You first notice the sound when you’re in bed trying to sleep: Your ear has a whooshing or pulsating in it. The sound is beating at the same rhythm as your heartbeat. And once you hear that sound, you can’t tune it out. It keeps you awake, which is not good because you need your sleep and you’ve got a big day tomorrow. Not only are you not feeling sleepy, you feel anxious.
Does this seem familiar? Anxiety, tinnitus, and sleep, as it turns out, are closely related. And you can understand how tinnitus and anxiety might easily conspire to generate a vicious cycle, one that robs you of your sleep, your rest, and can impact your health.
Can tinnitus be triggered by anxiety?
Tinnitus is typically referred to as a ringing in the ears. But it’s not as simple as that. First of all, the actual sound you hear can take a wide variety of shapes, from pulsing to throbbing to ringing and so on. But the sound you’re hearing isn’t an actual outside sound. When people get stressed out, for many people, tinnitus can appear.
An anxiety disorder is a condition where feelings of dread, worry, or (as the name suggests) anxiety are difficult to control and severe enough to hinder your daily life. This can materialize in many ways physically, that includes as tinnitus. So can anxiety trigger tinnitus? Certainly!
What’s bad about this combo of anxiety and tinnitus?
This combination of anxiety and tinnitus is bad news for a couple of the following reasons:
- Tinnitus can frequently be the first sign of a more serious anxiety attack (or similar occurrence). Once you’ve made this association, any episode of tinnitus (whether due to anxiety or not) could cause a spike in your general anxiety levels.
- Most people tend to experience tinnitus more often at night. Can anxiety trigger ringing in the ear? Certainly, but it’s also possible that the ringing’s been there all day and your normal activities were simply loud enough to hide the sound. This can make it more difficult to get to sleep. And that sleeplessness can itself result in more anxiety.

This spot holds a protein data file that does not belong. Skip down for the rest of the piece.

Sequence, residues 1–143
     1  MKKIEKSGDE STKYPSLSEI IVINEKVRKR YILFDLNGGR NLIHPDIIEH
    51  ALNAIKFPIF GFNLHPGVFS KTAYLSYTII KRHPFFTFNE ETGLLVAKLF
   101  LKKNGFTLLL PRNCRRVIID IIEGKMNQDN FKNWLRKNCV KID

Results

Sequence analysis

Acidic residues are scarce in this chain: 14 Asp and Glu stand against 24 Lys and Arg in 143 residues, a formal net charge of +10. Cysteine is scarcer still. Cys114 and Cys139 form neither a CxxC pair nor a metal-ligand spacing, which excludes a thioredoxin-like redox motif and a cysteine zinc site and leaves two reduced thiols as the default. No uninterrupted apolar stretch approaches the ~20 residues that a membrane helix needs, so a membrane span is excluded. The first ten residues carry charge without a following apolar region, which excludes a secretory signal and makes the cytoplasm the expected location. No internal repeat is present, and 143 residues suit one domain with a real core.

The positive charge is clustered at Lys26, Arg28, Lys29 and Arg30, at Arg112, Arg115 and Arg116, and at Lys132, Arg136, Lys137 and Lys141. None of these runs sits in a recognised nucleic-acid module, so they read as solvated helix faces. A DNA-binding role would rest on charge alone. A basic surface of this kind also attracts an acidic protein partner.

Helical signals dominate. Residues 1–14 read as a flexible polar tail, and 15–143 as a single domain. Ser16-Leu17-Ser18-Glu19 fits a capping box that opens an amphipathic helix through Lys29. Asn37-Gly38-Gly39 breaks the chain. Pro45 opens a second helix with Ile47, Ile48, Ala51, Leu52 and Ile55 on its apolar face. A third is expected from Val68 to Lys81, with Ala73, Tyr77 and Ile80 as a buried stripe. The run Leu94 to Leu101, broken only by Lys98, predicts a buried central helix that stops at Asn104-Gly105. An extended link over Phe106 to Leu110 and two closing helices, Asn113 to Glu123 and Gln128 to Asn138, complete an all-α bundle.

There are situations where tinnitus can manifest in one ear and at some point move to both. Sometimes, it can hang around 24/7–all day every day. There are other situations where it comes and goes. Either way, this anxiety-tinnitus-combo can have negative health consequences.
How does tinnitus-anxiety impact your sleep?
Your sleep loss could certainly be the result of anxiety and tinnitus. Some examples of how are as follows:
- Most individuals sleep in locations that are intentionally quiet. It’s night, so you turn off everything. But when everything else is quiet, your tinnitus can be much more obvious.
- The sound of your tinnitus can be stressful and difficult to overlook. In the silence of the night, your tinnitus can be so unrelenting that you lie awake until morning. Your tinnitus can get even louder and more difficult to ignore as your anxiety about not sleeping grows.
- The level of your stress will keep rising the longer you go without sleeping. The more stressed you are, the worse your tinnitus will be.
When your anxiety is contributing to your tinnitus, you might hear that whooshing sound and worry that an anxiety attack is coming. It’s not surprising that you’re losing sleep. The problem is that lack of sleep, well, kind of makes everything worse.
Health impacts of lack of sleep
The impact insomnia has on your health will continue to become more profound as this vicious cycle carries on. And your general wellness can be negatively impacted by this. Here are some of the most common effects:
- Reduced reaction times: When you aren’t getting adequate sleep, your reaction times are more sluggish. Driving and other daily tasks will then be more dangerous. And if, for example, you run heavy machinery, it can be particularly dangerous.